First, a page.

3 Responses to “The Decision: Mason Educates Parents on the IB Education”

  1. MOMwithAbrain on January 31st, 2010 2:41 pm

    The IB program uses a Constructivist teaching method in the classroom. This is a controversial approach. This is the same approach used in the “reform” or “new” math programs. E. D. Hirsch is a vocal critic of Constructivism.

    There are many parent groups around the country who are now fighting against Constructivist programs for various reasons. Along with parent groups are some of our top mathematicians who actively speak out against this approach being used in the classroom.
    The best source is:

    This group of professionals, parents, teachers, school board members, and mathematicians, who contribute to that site, are supporters of a solid academic foundation for all students. E.D. Hirsch and the Core Knowledge curriculum offers students that needed foundation and is supported by the people involved at

    However they would argue that a constructivist approach in the classroom has been detrimental to students in the subject of mathematics.

    As you can see in this study, there are serious problems when using this approach in the classroom.

    In addition to the issues with Constructivism, the IBO incorporates some of the agenda from the United Nations. The UN is a political organization that pushes a political agenda to affect policy both in the US and abroad.

    With the recent scandal involving the IPCC and the UN paid scientists who manipulated and attempted to destroy data, it was clear that authentic science took a backseat to a political agenda. The UN is now involved in a scandal involving data that was manipulated in order to affect the world’s political stage.

    Within the IB curriculum you will find a heavy UN influence. The 2011 Geography (page 12) explicitly states they will promote the UN agenda. (climate being one of those subjects)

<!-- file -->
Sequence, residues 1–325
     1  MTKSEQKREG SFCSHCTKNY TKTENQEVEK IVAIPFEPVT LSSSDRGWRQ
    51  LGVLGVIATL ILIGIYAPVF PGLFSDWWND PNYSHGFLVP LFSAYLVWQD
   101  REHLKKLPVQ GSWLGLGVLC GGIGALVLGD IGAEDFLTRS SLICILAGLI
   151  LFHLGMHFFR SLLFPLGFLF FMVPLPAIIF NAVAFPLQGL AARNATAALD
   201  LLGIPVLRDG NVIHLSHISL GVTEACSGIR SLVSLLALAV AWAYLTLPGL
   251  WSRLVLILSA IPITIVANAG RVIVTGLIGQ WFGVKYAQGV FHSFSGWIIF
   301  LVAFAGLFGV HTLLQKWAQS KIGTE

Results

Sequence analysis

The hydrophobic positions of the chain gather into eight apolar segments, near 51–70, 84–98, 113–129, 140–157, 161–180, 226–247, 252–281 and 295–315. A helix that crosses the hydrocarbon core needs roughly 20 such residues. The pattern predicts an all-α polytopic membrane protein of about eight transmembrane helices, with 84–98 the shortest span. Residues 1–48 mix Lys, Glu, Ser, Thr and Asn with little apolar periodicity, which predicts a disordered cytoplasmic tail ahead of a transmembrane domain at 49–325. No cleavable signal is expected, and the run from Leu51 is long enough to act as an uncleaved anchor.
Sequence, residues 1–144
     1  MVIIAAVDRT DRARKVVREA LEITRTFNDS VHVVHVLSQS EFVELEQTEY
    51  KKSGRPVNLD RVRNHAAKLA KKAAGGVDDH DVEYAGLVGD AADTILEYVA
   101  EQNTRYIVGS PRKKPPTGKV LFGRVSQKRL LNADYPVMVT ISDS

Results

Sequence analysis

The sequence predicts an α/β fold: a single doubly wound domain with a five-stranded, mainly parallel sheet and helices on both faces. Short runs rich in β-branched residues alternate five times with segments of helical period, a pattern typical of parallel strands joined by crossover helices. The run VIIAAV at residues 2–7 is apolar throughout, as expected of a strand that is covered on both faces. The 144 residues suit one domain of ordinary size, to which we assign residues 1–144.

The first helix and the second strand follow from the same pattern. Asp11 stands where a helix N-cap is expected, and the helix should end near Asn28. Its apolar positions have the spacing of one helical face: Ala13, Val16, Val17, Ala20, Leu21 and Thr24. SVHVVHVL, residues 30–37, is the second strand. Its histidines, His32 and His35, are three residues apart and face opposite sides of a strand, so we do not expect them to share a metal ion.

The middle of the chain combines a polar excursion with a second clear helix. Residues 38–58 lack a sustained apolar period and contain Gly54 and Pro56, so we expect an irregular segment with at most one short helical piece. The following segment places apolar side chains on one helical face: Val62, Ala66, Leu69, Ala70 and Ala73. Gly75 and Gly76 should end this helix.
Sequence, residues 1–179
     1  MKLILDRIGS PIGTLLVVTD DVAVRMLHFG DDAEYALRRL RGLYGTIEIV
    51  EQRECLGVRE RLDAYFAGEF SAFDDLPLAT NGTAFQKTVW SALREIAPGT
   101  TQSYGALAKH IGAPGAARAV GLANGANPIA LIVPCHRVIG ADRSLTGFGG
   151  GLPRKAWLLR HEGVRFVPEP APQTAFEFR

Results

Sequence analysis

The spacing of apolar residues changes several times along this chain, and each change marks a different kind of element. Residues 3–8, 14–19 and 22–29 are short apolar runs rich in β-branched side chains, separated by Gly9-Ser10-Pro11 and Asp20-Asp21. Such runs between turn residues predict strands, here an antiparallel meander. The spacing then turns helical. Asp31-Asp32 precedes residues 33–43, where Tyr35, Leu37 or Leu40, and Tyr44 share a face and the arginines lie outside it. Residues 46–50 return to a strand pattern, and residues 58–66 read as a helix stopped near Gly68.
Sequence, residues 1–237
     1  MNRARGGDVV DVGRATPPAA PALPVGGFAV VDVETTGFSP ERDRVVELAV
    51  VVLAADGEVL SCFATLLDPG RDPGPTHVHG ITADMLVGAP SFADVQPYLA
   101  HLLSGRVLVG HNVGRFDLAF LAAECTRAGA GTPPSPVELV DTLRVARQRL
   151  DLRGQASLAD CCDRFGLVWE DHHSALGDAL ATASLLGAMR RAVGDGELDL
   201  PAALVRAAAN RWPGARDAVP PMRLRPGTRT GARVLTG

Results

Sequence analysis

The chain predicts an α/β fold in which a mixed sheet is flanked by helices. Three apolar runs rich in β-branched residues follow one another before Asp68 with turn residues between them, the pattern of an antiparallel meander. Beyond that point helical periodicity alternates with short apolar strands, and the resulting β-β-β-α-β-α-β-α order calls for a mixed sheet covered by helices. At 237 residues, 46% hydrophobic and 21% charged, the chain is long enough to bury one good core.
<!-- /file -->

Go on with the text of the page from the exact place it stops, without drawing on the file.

You will also find it here: Global lessons and activities 2009: Peace and conflict | IB Community Theme (scroll down to lessons and activities and click on “suggested lessons”)

    The UN is caught up in a scandal right now that has the scientific world reacting with anger.

    While there may be parts of this program that have real value, one cannot ignore the glaring issues that come with it. Paying the yearly fee, hiring an IB Coordinator and allowing a political agenda to come in to the classrooms needs to be thoughtfully considered.

    The UN pushes a radical leftist agenda that many feel undermines our national sovereignty. The head of the UN, Ban Ki Moon came before the U.S. Senate to push for Cap N Trade and attempt to affect public policy based on unproven science. This is a controversial political issue which can divide a community.

    This is a program that sells itself on rigor and critical thinking, yet no one seems to point out the flaws in this program.

    Hirsch is one of the few voices that understands the value of critical thinking, however his approach is to give the students knowledge so that they can make critical decisions. Since k-12 is still a time of building a foundation of knowledge, I have serious reservations that this is the best approach. Other Academic Topics « Math Wizards This is a time to teach the students subjects like science and allow the discovery to take place once that foundation has been set.

    Rigor can be accomplished in many ways. Research papers can be assigned without adopting a program like IB. Busy work or self-directed learning can be time-consuming, but as you will read from the scientific studies, it can also put students behind their peers who receive direct instruction in the classroom.

  2. Kirstin Johnson, Falls Church on February 1st, 2010 9:32 am

    I wholeheartedly recommend the IB program: for schools, for students and in general. It does take some work, but is manageable. One of the biggest differences I heard about was from substitute teachers. They were amazed at how well behaved and respectful the students were. When it comes to actually learning as opposed to barely controlled babysitting, IB is phenomenal.

  3. Michelle Taylor City of Falls Church on February 2nd, 2010 10:17 pm

    Dear “MOMwithAbrain”,
    (why no name or city identified?)